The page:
On July 29, 2020, The National Endowment for the Humanities announced $30 million in grants for 238 humanities projects across the country. The Alabama Humanities Foundation received $214,955 to support “Stony the Road We Trod…”: Exploring Alabama’s Civil Rights Legacy—a three-week institute for 30 schoolteachers on the history and
legacy of the civil rights movement in Alabama.
This will be the third iteration of the three-week institute. The “Stony the Road We Trod…” project has also offered many shorter, workshop versions of the institute’s curriculum. More than 1,300 educators have previously traveled to Alabama to experience “Stony…”, and Dr. Martha Bouyer, the project developer and director, is excited to continue to expand the project’s reach.
“The Stony Institute is designed to engage, educate and empower teachers to revolutionize teaching and learning,” said Bouyer. “With the support of renowned scholars, jurists, presentations by ‘Foot Soldiers’ of the movement and travel to key sites of memory such as Selma, Montgomery and Tuskegee, teachers will undertake an epic journey across Alabama designed to help them reconcile what they thought they knew about this era of history with knowledge, facts and the truth.”
After a rigorous application process, 30 educators will be selected as Summer Scholars to participate in the three-week institute. They will spend substantial time in Birmingham, Selma, Montgomery and Tuskegee as they learn more about the movement’s non-violent direct action and rural African American roots, as well as issues around racial segregation and Jim Crow.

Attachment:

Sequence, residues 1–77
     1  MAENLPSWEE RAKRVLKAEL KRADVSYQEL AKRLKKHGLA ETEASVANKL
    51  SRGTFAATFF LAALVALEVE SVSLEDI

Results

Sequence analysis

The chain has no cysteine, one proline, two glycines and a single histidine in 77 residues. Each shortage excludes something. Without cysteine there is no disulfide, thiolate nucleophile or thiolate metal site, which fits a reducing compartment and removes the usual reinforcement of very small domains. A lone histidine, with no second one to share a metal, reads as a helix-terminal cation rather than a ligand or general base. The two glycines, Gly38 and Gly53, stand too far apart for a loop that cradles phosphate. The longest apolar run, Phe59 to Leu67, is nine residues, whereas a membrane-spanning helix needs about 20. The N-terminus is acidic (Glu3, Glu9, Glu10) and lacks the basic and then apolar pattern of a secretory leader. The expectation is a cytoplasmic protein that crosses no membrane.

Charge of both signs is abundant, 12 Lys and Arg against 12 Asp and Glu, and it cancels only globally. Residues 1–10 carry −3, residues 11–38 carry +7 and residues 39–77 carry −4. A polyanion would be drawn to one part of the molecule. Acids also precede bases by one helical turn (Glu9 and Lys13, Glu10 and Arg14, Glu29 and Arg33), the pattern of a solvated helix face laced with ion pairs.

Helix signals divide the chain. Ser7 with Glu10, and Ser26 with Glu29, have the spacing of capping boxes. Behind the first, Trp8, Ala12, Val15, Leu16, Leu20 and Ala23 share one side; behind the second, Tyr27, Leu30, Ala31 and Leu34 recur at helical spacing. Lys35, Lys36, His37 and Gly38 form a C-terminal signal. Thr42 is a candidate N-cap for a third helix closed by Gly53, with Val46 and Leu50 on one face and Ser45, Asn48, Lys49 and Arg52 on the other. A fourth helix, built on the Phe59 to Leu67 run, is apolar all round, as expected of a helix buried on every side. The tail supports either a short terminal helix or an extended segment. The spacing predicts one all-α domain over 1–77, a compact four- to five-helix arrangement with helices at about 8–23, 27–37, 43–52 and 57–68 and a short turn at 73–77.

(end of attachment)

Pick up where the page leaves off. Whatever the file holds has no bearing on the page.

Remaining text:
They’ll visit museums and historic sites such as Bethel Baptist Church of Collegeville and Brown Chapel AME Church. They’ll also walk across the Edmund Pettus Bridge, tracing the steps of the marchers who were violently confronted by Alabama state troopers on Bloody Sunday.
Summer Scholars will learn from an experienced array of movement foot soldiers and renowned civil rights scholars. This year, Dr. Danielle McGuire, author of At the Dark End of the Street: Black Women, Race and Resistance, will join the group for the first time.
The Summer Scholars will receive a stipend to help cover their expenses for the institute. They will also be expected to take what they learn and share it with other educators at conferences as well as through the creation and dissemination of new curricular units and lessons plans focused on their “Stony the Road We Trod…” Institute experiences.
“As we continue to confront issues surrounding racial justice in our country, programs like “Stony…” are absolutely vital to creating more understanding of our past, so that we may build a better future,” said Judge John Rochester, interim executive director at Alabama Humanities Foundation. “We are delighted to receive this grant in support of an immensely impactful and already proven project.”
For more information, visit www.stonytheroad.org.